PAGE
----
Chancellor Angela Merkel’s declaration that Germany’s attempts to build a multicultural society had “utterly failed” is feeding a growing debate over how to deal with the millions of foreigners who call the country home.
Merkel told a meeting of young members of her conservative Christian Democratic Union that while immigrants are welcome in Germany, they must learn the language and accept the country’s cultural norms, sounding a note heard increasingly across Europe as it battles an economic slump and worries about homegrown terrorism.
“This multicultural approach, saying that we simply live side by side and live happily with each other has failed. Utterly failed,” she said.
Merkel’s comments were met with applause by the more conservative members of her party, but some Germans in cosmopolitan Berlin argued on Sunday she was out of touch with the country’s daily life.
“I think her statement is very black and white and does not reflect honestly the lifestyle people are living here,” said Daniela Jonas, a German setting up a flea market in the city’s diverse Kreuzberg district, where immigrants and native-born Germans live among each other.
Germany and other European countries have grappled with the idea of themselves as immigration nations and Merkel has long been sceptical of the country’s attempts to build a multicultural society that includes its estimated five million Muslims.
Many immigrants speak little or no German, work in low-paying jobs or live off of government handouts at the same time that the country faces an ageing population and a shortage of highly skilled workers.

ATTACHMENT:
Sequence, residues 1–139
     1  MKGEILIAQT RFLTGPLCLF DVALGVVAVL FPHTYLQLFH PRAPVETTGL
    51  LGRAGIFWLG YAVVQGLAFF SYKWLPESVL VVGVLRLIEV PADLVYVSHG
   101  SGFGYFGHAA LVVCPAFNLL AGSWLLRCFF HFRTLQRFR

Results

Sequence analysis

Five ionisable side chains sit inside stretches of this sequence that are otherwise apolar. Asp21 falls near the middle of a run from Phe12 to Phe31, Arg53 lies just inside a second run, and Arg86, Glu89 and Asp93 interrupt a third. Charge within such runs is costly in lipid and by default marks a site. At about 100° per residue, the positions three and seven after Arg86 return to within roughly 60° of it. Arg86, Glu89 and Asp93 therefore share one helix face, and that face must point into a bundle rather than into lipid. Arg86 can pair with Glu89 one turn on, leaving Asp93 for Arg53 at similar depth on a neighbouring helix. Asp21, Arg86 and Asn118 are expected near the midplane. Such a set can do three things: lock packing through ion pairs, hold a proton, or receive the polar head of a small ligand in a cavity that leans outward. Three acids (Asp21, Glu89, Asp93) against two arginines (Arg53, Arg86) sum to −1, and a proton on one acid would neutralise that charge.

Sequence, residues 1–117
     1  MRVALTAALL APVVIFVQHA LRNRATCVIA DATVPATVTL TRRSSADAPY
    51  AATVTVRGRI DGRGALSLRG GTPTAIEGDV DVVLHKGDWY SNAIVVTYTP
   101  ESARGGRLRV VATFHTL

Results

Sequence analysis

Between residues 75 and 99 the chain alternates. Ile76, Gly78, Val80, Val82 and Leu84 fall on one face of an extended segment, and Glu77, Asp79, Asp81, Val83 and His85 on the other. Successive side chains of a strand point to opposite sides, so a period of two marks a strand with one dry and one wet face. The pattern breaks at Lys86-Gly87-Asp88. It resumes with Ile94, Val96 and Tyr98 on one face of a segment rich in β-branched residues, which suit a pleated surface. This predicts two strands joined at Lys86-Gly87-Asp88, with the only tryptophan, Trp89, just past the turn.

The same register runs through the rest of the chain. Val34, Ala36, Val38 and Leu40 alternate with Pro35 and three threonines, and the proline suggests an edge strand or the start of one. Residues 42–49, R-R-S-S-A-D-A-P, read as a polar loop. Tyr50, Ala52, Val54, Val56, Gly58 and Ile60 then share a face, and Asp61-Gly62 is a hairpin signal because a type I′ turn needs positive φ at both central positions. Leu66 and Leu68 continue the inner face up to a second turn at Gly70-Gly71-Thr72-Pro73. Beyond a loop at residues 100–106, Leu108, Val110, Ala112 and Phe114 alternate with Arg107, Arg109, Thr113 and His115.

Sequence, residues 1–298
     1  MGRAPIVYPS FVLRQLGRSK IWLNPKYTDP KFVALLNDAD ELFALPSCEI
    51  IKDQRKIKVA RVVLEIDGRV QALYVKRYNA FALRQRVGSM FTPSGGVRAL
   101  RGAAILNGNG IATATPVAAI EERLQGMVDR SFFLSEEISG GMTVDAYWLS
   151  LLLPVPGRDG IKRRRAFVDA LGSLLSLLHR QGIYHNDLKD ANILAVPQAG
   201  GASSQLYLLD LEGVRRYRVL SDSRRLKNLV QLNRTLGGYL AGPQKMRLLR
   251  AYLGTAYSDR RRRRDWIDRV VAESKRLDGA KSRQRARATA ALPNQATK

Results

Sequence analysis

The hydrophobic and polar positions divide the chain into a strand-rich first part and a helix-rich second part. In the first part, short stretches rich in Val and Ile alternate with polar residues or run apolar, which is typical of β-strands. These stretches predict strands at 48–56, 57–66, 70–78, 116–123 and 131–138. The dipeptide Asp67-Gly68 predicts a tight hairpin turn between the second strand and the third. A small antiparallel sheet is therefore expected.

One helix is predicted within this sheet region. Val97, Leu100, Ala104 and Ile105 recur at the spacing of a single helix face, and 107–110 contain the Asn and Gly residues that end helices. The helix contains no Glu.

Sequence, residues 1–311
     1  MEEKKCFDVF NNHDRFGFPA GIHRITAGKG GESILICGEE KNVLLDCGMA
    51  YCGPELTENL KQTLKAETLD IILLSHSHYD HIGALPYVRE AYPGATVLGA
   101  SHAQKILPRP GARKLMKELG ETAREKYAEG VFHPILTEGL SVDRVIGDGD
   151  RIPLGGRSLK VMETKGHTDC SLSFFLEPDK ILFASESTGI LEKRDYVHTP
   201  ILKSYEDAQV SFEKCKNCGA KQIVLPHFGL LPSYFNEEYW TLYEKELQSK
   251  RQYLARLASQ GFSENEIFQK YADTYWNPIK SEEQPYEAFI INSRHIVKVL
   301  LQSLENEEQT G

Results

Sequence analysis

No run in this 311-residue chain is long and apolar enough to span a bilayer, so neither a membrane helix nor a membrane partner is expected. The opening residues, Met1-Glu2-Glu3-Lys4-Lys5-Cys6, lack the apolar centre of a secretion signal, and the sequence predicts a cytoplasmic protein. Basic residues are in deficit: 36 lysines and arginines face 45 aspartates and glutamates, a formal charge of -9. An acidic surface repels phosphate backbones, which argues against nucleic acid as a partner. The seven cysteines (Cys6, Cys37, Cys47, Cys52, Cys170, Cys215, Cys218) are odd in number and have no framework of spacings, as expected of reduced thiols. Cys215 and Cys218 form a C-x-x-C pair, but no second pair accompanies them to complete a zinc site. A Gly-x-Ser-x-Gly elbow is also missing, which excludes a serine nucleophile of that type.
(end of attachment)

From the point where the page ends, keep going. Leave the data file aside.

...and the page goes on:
“Germany needs more qualified immigration to maintain its economic advantage and deal with the demographic developments,” Volker Beck, a legislator with the opposition Greens party said on Sunday.
Merkel acknowledged in her Saturday comments that then West Germany in the 1960s opened its doors to Turkish labourers who helped the nation rebuild from the ruins of World War II. Yet German politicians believed those labourers would eventually return home. Instead, many have stayed and their children’s children are now starting families here.
A European Championship football qualifier between Germany and Turkey last week reflected built-up tensions. Star Germany player Mesut Oezil, who is of Turkish heritage, was whistled and booed throughout the game by Turkey fans, who outnumbered German supporters in Berlin’s Olympic stadium.
The 22-year-old Oezil has become Merkel’s poster child for successful integration, and Turkish President Abdullah Gul said in an interview on Saturday that he supported Oezil’s decision to play for Germany instead of his parents’ native Turkey.
Gul also called on Turks living in Germany to learn to speak German “fluently and without an accent”, but insisted it was up to German politicians to create the opportunities for its Turkish citizens to learn the language and integrate into society.
“That must begin in kindergarten,” Gul told the Sueddeutsche Zeitung. “I have told Mrs Merkel that.”
Last week, several German universities launched departments to train imams who would be able to lead prayers in German as well as Turkish. Most imams in Germany are sent from Turkey and speak no German.
Some argued on Sunday that Merkel’s comment makes them feel less welcome, and do nothing to encourage integration.
“It’s a shame,” said a man, an immigrant from Morocco who gave his name only as Hakim. “It is not good for the atmosphere in Germany and it is not a helpful comment.”